Are you a safety manager looking to hone your skills and impress your peers? Or are you hoping to hire a quality safety manager who will improve working conditions and cut incident-related costs at your company?
Either way, there are several qualities you need to look for and cultivate. From creativity to critical thinking, the best safety managers possess a variety of traits that lead to sound policies, productive training sessions and greater company-wide buy-in to safety initiatives.
Here are a few of the most important qualities that make a great safety manager.
The ability to positively influence people is crucial to getting safety initiatives off the ground. Creating new policies on paper is just the first step of the process, and workers need to buy in to new practices before any real results can be achieved.
- Do the workers at your company respect your expertise and value your contributions?
- Are people willing to follow your lead—without enticement or fear of reprimand?
- Do you lead by example, following and carrying out the practices you recommend to others?
These are the questions you need to ask yourself and potential colleagues and new hires.
A dedicated, passionate safety manager can come up with all manner of policies that will reduce accidents and illnesses. Not every one of them can be put into place, however. For better or worse, working conditions, budgets and project demands will always influence the feasibility of potential policy changes.
A truly effective manager will be able to focus on the big picture of any given safety concern and create policies that will reliably produce significant, measurable results. A deep understanding of the 80/20 rule is a plus. Most incident reductions will be the result of a few, simple, well-thought-out actions, and getting caught up in the minor details will only produce fewer results at higher costs.
Budgeting is one of a safety manager’s most important tasks. Most businesses operate on thin margins, and while employers want to do everything they can to keep their workers safe and productive, they also have to keep their operating budgets in mind.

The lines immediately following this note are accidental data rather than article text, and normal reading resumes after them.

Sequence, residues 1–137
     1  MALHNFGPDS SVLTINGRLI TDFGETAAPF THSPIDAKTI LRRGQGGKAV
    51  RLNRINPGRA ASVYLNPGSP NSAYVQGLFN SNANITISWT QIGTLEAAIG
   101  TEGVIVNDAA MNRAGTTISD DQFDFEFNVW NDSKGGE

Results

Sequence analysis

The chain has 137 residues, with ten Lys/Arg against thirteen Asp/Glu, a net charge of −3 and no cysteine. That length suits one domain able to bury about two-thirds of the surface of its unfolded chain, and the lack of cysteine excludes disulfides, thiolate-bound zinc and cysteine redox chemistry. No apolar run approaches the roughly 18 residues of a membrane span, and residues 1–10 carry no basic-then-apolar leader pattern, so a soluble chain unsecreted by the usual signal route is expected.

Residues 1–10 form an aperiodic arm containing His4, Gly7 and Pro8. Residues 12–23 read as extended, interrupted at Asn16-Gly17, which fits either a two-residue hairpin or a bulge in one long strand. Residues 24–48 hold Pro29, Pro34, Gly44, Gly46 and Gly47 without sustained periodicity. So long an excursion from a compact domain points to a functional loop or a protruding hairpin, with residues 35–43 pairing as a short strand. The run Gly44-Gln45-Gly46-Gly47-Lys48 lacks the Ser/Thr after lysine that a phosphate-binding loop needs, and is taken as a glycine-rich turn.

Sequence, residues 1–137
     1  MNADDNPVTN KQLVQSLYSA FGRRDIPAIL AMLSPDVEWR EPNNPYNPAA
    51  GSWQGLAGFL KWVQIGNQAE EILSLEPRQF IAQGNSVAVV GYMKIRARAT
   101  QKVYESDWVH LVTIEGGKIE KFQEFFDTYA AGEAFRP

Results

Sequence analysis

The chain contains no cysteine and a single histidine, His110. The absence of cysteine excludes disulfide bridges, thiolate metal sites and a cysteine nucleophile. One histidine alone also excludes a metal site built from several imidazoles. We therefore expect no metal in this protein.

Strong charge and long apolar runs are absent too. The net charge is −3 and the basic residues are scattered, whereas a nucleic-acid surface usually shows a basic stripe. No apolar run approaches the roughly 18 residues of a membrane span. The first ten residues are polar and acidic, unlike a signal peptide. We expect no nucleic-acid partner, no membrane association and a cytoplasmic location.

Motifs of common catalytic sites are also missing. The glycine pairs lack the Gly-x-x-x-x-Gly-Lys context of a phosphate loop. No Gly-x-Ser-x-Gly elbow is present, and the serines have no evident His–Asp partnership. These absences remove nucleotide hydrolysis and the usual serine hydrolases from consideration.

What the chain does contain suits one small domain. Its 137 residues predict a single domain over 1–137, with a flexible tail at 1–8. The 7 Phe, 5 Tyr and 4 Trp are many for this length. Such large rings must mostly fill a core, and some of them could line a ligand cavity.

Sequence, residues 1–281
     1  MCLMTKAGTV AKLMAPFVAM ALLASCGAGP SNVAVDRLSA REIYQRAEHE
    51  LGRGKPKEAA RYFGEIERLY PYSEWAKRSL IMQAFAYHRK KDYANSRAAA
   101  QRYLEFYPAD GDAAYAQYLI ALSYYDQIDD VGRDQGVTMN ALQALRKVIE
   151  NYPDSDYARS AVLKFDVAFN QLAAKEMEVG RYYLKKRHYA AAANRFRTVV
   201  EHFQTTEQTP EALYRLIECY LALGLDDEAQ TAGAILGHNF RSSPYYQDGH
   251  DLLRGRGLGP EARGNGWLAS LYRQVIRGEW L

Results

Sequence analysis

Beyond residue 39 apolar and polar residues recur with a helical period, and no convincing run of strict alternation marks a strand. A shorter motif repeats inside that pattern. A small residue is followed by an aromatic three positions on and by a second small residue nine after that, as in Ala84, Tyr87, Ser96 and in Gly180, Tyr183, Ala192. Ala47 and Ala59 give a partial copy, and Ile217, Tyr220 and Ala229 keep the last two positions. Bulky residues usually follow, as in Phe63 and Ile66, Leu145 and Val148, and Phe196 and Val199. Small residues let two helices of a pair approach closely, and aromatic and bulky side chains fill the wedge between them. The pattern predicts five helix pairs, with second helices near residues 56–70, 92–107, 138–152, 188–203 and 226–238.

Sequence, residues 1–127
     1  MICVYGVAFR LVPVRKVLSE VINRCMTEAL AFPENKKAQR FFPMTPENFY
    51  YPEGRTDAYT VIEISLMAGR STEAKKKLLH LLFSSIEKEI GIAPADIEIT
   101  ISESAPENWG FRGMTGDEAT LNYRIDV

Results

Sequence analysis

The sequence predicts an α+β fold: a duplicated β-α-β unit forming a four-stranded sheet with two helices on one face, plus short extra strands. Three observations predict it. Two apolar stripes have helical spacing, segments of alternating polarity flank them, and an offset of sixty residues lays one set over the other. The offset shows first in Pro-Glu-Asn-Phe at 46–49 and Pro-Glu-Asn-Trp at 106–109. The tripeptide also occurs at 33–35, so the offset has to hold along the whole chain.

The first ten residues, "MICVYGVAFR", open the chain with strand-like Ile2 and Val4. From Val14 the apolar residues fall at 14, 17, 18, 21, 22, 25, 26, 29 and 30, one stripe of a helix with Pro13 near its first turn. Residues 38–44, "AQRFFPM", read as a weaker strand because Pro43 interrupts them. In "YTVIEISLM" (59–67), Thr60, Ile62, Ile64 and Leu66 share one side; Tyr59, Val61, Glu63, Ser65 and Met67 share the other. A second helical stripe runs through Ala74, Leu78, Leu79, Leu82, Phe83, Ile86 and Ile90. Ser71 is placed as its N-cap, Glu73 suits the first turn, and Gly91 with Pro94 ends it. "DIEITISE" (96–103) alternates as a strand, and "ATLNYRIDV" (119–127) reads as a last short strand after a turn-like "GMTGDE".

A great safety manager needs the financial know-how to effectively allocate their limited resources. From personal protective equipment to employee training to machinery maintenance, every action that might improve safety will come at a cost. Choosing expenses wisely isn’t just a financial matter – it’s a serious safety concern.
Safety personnel handle dangerous, life-or-death concerns on a daily basis, and an unwavering moral compass is a must. Commitment to worker safety is critical, as is a dedication to safety policy regulations. Great safety managers are usually the types who can be trusted to always do the right thing, and to never take an easy but questionable path to solve a tough problem.
Finally, any effective safety manager needs the knowledge and technical skills to excel at his or her job. An in-depth knowledge of regulatory concerns is a great starting point, but that knowledge needs to be combined with hands-on experience documenting, reporting, investigating and preventing work-related incidents. When training and instructing employees, safety mangers must be able to explain how each new policy will actually affect the performance of specific tasks.
A safety manager’s responsibilities continue to expand, and it seems like there are never enough hours in the day to do everything that needs to be done.
For a few tips to help boost your efficiency, check out our free resource, 9 Ways to Make Your Job As A Safety Manager Easier.